Dec. 7Amphibian Foundation open house (including Ribbit Exhibit gallery), 6-10 p.m., Blue Heron Nature Preserve, Atlanta

Dec. 11Feral swine workshop and trapping demo, 9 a.m.-1 p.m., Pierce County Ag Services Building, Blackshear. Other workshops: Dec. 18 (Dawsonville), Jan. 7 (Quitman), Jan. 29 (Hawkinsville).

Jan. 26Flatwoods Fire and Nature Festival, 10 a.m.-3 p.m., Austin Cary Memorial Forest, Gainesville, Fla.

Feb. 15-162019 Weekend for Wildlife (DNR wildlife conservation fundraiser), Sea Island


In the previous Georgia Wild:

- Bridgework spares bat colony

- In praise of chipping sparrows

- Swamp thing? Meet the amphiuma



   "Taking stock of Michael’s effects on rare animals," WABE-FM (90.1, Atlanta)

   "The plight of the right whale," Smithsonian.com

   "Amendments approved overwhelmingly," The Newnan Times-Herald

   "Are we loving the monarch to death?" Savannah Morning News

   "New bears could be brought to middle Georgia," The (Macon) Telegraph

   "DNR, TVA, Fish and Wildlife continue popular trout program," AllOnGeorgia

   "Judge blasts Fish and Wildlife, says wolves can't be shot," The Washington Post

   "When humans fall in love with an invasive species," FiveThirtyEight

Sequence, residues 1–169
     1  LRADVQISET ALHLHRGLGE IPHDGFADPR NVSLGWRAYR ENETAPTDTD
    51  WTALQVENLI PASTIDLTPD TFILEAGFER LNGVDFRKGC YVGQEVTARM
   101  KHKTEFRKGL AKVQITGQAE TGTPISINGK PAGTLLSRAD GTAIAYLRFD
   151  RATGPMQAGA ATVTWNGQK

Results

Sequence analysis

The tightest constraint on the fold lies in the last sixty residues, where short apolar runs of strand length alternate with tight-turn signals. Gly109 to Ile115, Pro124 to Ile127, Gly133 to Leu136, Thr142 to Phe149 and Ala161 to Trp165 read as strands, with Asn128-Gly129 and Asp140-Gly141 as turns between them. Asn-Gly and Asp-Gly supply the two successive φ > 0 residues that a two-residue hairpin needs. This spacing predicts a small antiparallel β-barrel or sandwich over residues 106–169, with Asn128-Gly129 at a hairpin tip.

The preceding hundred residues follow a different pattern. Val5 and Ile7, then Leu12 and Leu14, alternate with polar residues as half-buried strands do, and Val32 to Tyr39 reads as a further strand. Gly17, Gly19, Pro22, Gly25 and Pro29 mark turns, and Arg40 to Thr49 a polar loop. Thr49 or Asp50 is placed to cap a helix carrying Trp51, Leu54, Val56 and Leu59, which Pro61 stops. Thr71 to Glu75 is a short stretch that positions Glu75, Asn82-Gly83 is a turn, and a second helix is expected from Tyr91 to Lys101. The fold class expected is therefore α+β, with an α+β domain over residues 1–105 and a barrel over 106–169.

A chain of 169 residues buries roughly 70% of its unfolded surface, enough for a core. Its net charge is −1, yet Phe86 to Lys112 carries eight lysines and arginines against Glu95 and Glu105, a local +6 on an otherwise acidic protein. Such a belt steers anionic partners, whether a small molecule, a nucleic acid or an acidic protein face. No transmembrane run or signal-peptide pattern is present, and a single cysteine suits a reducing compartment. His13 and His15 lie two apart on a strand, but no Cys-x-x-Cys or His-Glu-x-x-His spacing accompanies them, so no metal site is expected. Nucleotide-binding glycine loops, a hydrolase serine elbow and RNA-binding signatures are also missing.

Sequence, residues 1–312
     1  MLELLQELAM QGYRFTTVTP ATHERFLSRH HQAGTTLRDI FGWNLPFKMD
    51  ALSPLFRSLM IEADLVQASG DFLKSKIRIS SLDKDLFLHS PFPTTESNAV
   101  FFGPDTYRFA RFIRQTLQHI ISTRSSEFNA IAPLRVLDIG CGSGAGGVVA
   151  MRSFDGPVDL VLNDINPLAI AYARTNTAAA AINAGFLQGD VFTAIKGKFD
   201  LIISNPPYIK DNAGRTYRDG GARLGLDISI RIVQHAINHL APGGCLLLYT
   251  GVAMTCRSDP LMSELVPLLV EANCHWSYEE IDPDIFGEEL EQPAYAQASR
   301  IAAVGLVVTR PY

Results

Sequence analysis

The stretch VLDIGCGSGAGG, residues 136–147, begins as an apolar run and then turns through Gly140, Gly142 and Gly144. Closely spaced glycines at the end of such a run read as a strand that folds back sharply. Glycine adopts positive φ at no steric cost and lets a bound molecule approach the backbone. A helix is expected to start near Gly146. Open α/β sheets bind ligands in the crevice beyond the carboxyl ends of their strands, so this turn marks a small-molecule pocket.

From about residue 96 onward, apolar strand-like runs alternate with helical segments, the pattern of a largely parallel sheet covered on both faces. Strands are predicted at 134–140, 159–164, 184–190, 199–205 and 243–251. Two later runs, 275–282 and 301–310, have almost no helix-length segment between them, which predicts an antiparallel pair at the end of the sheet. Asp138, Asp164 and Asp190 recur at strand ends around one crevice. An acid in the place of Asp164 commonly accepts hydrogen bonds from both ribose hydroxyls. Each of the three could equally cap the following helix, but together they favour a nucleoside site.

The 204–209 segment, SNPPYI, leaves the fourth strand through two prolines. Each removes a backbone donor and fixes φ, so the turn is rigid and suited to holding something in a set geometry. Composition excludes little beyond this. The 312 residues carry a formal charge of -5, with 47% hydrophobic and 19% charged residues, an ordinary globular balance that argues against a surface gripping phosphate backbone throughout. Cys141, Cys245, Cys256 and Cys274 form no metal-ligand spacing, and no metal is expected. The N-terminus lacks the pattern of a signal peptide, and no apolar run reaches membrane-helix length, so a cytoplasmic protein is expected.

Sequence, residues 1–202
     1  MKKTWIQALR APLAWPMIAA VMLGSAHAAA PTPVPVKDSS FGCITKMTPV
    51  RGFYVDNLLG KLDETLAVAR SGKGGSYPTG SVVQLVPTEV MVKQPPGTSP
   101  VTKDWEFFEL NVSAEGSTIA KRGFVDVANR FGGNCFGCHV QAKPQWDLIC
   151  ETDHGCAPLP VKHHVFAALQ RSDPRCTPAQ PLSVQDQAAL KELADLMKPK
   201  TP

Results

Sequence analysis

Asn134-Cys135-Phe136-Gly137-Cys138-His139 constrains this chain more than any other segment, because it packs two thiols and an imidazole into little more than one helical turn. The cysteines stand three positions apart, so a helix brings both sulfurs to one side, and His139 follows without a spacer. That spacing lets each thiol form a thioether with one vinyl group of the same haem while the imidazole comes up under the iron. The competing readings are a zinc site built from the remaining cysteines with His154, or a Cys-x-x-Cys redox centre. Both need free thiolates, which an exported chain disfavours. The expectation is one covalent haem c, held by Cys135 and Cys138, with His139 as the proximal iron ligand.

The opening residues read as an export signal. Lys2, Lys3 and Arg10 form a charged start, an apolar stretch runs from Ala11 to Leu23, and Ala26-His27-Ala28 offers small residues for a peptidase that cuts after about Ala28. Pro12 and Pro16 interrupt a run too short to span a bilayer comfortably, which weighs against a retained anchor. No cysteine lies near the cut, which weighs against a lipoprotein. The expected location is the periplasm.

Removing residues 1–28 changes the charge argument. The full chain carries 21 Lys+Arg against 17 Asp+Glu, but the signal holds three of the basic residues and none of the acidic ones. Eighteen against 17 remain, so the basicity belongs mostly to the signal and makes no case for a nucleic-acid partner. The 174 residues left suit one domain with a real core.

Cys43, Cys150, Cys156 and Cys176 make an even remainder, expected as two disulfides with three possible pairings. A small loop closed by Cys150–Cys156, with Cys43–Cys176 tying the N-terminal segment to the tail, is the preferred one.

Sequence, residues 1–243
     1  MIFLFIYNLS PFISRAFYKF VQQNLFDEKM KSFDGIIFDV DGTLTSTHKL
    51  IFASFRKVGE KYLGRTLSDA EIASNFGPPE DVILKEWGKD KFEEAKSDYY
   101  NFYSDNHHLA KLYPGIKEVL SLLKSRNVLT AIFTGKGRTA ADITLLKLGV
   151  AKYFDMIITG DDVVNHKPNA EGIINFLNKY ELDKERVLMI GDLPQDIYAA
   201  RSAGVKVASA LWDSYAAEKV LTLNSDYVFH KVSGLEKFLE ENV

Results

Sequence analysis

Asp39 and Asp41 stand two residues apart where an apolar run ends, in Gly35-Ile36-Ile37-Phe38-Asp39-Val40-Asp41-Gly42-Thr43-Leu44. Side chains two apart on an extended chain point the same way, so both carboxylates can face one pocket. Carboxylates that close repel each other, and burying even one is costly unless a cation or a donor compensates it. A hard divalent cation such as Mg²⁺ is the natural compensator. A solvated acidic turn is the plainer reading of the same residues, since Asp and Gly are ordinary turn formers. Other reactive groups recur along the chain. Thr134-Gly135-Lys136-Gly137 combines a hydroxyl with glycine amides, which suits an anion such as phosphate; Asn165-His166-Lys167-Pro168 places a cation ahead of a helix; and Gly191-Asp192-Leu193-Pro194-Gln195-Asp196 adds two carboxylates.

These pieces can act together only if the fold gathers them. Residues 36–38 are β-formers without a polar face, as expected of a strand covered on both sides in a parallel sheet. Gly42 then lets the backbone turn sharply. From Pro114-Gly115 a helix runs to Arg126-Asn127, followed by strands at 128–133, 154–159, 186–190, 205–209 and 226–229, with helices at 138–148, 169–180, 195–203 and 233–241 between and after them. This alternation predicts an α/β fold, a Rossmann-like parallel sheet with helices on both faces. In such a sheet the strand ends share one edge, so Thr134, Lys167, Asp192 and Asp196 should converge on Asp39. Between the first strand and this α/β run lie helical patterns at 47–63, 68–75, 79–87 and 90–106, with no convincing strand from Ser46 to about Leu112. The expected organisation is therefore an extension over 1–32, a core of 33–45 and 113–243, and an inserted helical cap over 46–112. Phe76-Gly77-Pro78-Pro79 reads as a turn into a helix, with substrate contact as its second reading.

"12 facts about brown marmorated stink bugs," Mental Floss


   "How to put up a bat house," DNR

   "Riverfly monitoring: a visual guide," Liam Marsh

   "The art of staying stable (hawkmoth in action)," BioGraphic

   "Ghostly grimpoteuthis octopus (umbrella or Dumbo octopus)," Nautilus Live


parting shot

DNR's Maisie McKnight at Fernbank's Adventures in Science Day (Linda May/DNR)

DNR's Maisie MacKnight at Fernbank's Adventures in Science Day (Linda May/DNR)

A yellow-bellied slider in hand, Maisie MacKnight of DNR talks turtles with Adventures in Science Day visitors at the Fernbank Museum of Natural History. McKnight joined Environmental Outreach Coordinator Linda May and fellow staff Carmen Candal, Katie O'Shields and Sabrina Sewell for the Nov. 3 event at the Atlanta museum. The group discussed pitcherplant adaptations, aquatic and terrestrial turtles, and barred owls – even using a live owl to help explain how these birds of prey fly and hunt at night.


Masthead: pink ladyslipper (Bill Goldstrohm)

DNR's Katie O'Shields, left, and Melanie Flood on ladyslipper rescue mission (Tom Patrick/DNR)

Sweet pitcherplants (Marylou Moore/DNR)

Stick insect on fire training table (Shan Cammack/DNR)